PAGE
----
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Government debt, also known as public debt, is any money or credit owed by any level of government. This includes both debt to internal creditors as well as to foreign banks or other countries. Understanding government debt is a good way to understand the economy of a nation within a global context; those countries with higher levels of debt are often at risk for serious economical issues if recession or fiscal emergencies occur.
Many people do not realize that government debt is indirectly the responsibility of the citizens. In fact, the public pays for most debt incurred through taxes or by purchasing government-issued securities and bonds. A government bond is generally considered an excellent investment, thanks to favorable interest rates and a low rates of risk. By buying bonds, the public is funding the repayment of government debt, whether national or municipal.
There are many reasons that a government might incur debt. Some of the oldest examples of government debt date back to the plentiful wars between England and France in the Middle Ages. War is often a reason for increased governmental debt, but simple expansion and provision for citizens are even more common reasons. Just as a family might take out a home loan on the idea that they will continue to maintain their income and thus, pay off the debt eventually, so too do governments take on debt in order to furnish and expand their services and economy.
Whether or not taking on government debt is a good idea is a matter of great debate among economists. In classical Keynesian theory, a certain amount of debt is acceptable so long as it is used to stimulate the national economy. Other theories suggest that a country should not grow faster than its resources allow, and advice against incurring government debt.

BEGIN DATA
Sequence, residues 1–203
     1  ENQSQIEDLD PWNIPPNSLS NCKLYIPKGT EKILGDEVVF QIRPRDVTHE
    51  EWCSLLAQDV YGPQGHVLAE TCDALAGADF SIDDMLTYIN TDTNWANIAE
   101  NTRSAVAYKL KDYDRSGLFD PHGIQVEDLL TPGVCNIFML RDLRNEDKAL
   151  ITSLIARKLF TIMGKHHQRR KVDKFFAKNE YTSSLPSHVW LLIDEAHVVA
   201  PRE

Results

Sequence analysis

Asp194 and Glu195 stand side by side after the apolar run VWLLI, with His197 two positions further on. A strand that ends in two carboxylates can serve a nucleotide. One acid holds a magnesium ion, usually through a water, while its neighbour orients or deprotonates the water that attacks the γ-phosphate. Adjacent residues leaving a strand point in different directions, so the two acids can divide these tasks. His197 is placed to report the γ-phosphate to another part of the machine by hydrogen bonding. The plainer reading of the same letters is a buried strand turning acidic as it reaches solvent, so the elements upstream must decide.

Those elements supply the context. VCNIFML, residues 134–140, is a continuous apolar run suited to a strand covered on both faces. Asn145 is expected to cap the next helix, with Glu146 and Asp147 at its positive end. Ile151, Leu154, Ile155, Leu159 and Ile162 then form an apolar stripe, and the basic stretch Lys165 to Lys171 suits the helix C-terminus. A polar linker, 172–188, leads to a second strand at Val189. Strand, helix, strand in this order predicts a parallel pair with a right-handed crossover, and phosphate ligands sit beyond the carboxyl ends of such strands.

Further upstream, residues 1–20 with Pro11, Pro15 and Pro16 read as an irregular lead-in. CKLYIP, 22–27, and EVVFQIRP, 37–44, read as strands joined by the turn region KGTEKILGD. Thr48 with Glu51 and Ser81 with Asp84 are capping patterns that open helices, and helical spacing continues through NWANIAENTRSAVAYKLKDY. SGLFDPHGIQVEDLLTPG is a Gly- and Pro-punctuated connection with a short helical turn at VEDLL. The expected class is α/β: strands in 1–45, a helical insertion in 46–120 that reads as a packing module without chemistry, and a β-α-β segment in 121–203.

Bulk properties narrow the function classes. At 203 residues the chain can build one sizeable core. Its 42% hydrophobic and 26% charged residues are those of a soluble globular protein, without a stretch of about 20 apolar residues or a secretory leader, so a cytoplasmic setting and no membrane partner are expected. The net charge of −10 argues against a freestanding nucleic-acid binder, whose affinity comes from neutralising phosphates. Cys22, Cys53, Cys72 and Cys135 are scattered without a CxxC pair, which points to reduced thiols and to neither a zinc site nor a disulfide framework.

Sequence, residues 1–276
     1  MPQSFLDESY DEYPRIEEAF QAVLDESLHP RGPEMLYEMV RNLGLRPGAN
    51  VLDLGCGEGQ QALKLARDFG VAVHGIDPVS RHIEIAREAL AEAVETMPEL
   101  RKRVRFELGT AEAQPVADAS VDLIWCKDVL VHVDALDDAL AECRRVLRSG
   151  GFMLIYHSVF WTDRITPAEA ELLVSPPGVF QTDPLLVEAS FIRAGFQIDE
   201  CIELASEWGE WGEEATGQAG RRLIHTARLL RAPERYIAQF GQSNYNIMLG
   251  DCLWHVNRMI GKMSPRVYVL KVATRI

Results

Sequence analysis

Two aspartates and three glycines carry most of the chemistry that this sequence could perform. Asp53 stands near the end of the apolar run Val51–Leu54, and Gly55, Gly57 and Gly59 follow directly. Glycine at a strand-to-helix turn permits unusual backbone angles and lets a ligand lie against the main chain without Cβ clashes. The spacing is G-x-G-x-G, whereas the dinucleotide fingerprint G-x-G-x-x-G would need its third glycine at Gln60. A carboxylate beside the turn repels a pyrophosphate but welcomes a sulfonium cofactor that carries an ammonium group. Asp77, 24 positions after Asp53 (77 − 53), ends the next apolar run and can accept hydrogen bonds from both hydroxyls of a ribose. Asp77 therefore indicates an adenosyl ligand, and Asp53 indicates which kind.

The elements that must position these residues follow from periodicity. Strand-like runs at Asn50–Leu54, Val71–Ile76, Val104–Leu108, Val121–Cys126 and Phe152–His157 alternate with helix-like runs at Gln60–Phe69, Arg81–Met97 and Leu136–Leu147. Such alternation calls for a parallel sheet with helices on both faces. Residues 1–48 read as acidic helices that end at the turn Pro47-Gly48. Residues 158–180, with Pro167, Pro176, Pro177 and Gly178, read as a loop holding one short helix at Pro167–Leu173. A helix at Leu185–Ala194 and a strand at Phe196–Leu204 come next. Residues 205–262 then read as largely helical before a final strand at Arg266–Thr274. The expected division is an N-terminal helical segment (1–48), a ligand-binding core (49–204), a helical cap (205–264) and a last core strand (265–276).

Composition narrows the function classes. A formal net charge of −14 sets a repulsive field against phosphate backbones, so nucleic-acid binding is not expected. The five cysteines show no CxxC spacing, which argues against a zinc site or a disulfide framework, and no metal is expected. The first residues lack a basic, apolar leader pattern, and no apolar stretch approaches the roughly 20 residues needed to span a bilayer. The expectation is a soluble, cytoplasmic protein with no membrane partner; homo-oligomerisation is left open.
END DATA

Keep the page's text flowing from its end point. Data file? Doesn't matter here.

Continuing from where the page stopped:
Many agree that there is considerable danger if public debt becomes overwhelming. In critical situations, governments have defaulted on debt or refused to take over payments after a governmental overthrow. The fallout of the 2008 global financial crisis has brought government debt problems into stark relief, particularly in the country of Greece. Enormous levels of public debt combined with an uncompetitive market, falling gross domestic product (GDP) and an inability to devalue their currency have put this once prosperous nation on the brink of bankruptcy.
The amount of public debt for a country is typically measured by the ratio of debt to GDP. The European Union declared in the formation of the Eurozone that a country could not become a member of the zone unless it maintained a public debt of under 60% of its GDP. According to 2009 statistics, Greece maintained a debt to GDP ratio of 113.4%, the United States had 52.9%, and Mozambique had the least public debt with a ratio of 3.7%.
It is important to remember that regional and local governments are capable of incurring public debt as well. Though generally on a smaller scale, this type of public debt can still have large ripple effects on a nation's economy. If a city or state government cannot pay its debt, the national government may have to bail them out, leading to additional government spending on a national level.
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